[[caption-width-right:205:Le pauvre homme...]]

''Tartuffe, ou, l'Imposteur'' is possibly the most famous play of Jean-Baptiste Poquelin, a.k.a. Creator/{{Moliere}}. Tartuffe is a con man who has the well-to-do Orgon convinced that he's a pious, generous, and all-around good guy. Everyone else (save for Orgon's mother) can see right through the ruse and try desperately to make Orgon see Tartuffe for the fraud he is -- especially when Orgon disinherits his son in Tartuffe's favor and attempts to make his daughter jilt her eligible suitor to marry the hypocrite. Worse yet, Orgon has admitted covering for a friend involved in a political plot -- and Tartuffe has no scruples about informing when this proves to be advantageous to him.

Published and performed in 1664, ''Tartuffe'' almost immediately drew the ire of some Catholic clerics (notably the Archbishop of Paris), who believed the play to be an attack against them (partly because, in the earliest performances, Tartuffe was costumed like a ''dévot'', a member of the extreme Catholic party at court). They banned the play and threatened to excommunicate anyone who performed in or even saw it. In later versions, the author revised the character, to make him more secular. Fortunately for the dramatist, the King remained firm in his support, and he was able to avoid the threatened excommunication.

!!''Tartuffe, ou, l'Imposteur'' provides examples of:

* AllMenArePerverts: Played with, as one scene has Tartuffe going on at length (in-character) how one female character is showing too much cleavage. However, it's also obvious he's admiring the view.
* AntagonistTitle: The title refers to Tartuffe, a lustful hypocrite who has fooled the family patriarch into thinking he's a holy man.
* ArrangedMarriage: Orgon tries to marry off his daughter Mariane to Tartuffe, despite her furious objections and her previous engagement to the lovely Valère.
* CatchPhrase: In an early scene, when Dorine is describing how Tartuffe has been gorging and swilling while while Elmire had been suffering from a dangerous illness, Orgon's only response is a repeated, "The poor man!" [[BorrowedCatchphrase Dorine later uses the phrase herself ironically.]]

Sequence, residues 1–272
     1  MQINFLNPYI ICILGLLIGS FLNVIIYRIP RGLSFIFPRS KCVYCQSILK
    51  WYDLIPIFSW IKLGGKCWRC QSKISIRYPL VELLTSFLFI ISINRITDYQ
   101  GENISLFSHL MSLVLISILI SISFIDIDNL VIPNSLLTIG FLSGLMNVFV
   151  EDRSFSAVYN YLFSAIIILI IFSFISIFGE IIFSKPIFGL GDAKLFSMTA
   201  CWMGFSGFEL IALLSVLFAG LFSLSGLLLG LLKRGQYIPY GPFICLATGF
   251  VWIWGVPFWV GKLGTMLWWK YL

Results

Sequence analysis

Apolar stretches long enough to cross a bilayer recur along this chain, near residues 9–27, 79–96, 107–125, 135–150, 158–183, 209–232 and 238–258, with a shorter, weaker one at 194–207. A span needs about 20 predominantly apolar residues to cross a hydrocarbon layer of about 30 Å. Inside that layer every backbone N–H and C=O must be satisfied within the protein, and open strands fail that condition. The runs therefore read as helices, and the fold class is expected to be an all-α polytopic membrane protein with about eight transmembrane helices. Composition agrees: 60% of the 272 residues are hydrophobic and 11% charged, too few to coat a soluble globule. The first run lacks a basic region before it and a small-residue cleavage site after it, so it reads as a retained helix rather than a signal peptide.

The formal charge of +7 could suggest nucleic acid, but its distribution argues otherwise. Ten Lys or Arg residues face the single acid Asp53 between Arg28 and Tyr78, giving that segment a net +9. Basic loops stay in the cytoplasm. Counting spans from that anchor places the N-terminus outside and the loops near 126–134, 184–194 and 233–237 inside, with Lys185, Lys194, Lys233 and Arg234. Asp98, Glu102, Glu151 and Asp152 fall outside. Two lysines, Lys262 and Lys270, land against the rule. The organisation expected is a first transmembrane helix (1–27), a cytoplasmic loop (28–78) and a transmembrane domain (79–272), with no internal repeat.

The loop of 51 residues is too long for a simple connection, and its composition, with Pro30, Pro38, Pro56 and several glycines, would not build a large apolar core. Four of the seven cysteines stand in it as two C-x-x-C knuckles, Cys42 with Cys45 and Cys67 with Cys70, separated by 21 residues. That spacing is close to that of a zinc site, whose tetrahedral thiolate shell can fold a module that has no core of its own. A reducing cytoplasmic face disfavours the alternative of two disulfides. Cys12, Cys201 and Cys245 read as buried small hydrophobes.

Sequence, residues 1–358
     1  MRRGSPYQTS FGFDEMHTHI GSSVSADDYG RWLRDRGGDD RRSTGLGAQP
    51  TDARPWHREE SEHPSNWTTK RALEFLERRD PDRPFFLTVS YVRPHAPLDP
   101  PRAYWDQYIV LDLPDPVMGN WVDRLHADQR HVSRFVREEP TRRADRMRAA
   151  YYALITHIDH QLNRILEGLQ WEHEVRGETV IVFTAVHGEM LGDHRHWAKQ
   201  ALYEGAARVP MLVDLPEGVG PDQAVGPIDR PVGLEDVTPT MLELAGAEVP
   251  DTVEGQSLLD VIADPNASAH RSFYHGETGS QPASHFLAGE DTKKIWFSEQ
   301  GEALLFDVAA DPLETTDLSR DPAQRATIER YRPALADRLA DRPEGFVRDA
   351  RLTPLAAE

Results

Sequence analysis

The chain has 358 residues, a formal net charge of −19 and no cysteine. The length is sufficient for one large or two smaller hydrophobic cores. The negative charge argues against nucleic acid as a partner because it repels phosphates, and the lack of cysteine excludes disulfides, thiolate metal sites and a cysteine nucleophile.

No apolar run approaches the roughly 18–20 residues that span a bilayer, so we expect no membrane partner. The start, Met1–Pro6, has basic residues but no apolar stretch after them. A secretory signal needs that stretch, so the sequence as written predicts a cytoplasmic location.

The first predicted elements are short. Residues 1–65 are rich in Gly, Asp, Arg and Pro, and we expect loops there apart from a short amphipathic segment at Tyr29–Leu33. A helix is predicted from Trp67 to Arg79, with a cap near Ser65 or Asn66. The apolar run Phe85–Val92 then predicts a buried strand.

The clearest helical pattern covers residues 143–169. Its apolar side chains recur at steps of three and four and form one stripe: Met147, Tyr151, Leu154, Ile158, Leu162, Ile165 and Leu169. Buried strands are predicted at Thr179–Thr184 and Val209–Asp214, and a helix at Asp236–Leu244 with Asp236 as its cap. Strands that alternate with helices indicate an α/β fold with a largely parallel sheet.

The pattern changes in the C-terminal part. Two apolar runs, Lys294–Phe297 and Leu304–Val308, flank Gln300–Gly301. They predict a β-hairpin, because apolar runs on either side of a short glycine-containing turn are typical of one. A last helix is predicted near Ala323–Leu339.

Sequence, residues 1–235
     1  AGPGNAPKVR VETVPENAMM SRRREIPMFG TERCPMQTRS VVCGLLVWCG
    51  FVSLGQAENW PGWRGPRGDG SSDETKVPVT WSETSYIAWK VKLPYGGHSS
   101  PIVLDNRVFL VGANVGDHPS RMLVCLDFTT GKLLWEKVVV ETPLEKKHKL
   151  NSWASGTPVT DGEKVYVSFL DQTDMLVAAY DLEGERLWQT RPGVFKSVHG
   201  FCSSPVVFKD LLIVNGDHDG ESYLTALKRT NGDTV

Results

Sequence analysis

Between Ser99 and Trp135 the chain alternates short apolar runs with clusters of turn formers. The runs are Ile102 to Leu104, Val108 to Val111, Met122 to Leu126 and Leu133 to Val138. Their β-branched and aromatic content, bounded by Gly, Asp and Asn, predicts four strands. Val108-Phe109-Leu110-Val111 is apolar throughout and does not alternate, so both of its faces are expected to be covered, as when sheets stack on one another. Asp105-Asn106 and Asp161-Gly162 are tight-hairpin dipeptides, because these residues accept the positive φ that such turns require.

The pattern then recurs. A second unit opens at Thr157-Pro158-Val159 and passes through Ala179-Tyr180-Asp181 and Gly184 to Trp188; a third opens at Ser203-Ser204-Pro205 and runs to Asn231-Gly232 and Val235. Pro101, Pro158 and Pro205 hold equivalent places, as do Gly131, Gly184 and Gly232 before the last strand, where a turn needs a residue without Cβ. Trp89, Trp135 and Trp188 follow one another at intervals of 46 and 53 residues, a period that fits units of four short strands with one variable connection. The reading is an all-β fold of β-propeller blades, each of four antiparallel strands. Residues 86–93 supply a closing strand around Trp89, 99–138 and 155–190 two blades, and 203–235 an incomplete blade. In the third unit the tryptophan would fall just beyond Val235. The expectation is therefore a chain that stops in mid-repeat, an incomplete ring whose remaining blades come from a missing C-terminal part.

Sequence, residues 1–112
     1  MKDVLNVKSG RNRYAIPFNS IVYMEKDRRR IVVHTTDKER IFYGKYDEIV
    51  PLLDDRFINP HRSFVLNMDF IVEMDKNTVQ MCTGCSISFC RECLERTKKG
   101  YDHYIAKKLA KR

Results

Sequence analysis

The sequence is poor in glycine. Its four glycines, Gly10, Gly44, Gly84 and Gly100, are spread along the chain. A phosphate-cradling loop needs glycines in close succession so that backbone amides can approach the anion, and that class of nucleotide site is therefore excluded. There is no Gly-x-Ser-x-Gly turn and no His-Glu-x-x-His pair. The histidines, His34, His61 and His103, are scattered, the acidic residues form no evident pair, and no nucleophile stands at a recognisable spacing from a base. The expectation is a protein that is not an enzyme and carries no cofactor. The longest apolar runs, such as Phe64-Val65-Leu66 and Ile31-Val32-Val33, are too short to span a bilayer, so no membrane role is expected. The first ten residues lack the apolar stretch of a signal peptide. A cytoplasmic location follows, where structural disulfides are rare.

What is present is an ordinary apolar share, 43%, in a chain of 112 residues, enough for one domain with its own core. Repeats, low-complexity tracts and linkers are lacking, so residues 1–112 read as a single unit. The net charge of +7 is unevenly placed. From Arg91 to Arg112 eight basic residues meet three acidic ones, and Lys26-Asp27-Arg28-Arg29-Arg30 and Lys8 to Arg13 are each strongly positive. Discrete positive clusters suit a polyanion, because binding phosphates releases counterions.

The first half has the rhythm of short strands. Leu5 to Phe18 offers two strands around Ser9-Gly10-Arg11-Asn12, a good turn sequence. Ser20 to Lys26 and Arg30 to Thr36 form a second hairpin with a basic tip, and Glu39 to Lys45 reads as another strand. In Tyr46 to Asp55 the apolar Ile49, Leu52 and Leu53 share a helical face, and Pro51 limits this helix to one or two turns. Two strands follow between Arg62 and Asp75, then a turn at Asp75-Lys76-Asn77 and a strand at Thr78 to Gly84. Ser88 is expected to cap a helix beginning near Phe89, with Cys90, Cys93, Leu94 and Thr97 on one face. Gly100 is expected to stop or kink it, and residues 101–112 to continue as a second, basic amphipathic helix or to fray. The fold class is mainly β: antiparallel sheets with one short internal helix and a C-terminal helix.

* CharacterFilibuster: Cleante will frequently go on large rants on morality and trustworthiness to provide some of the only sound ethical commentary in the play.
%%* ConMan: Tartuffe is basically one.
* DeadpanSnarker: Dorine, Mariane's handmaiden, sees right through Tartuffe's lies and dryly mocks her masters for being taken in by his deceptions and for failing to do anything about when they do learn.
* DeliberatelyPainfulClothing: The titular character wears a hair shirt... but in a sign that his supposed piety is all an act, he wears the shirt ''inside out'', so that he doesn't actually feel any discomfort.
* DeusExMachina: At the end of the play [[spoiler:the King has Tartuffe sent to prison for numerous unspecified crimes.]] [[PanderingToTheBase It is a comedy, after all, made with King's money.]]
* DirtyOldMonk: Tartuffe is a lecher pretending to be a man of God while using his "holiness" to seduce a man's wife.
* EngineeredPublicConfession: Tartuffe reveals his true colors to Elmire, unaware that Orgon is listening.
* GrandeDame: Madame Pernelle, the Matriarch, is the only one besides Orgon who is taken in by Tartuffe's ruse. In the opening scene she complains that nobody pays attention to her.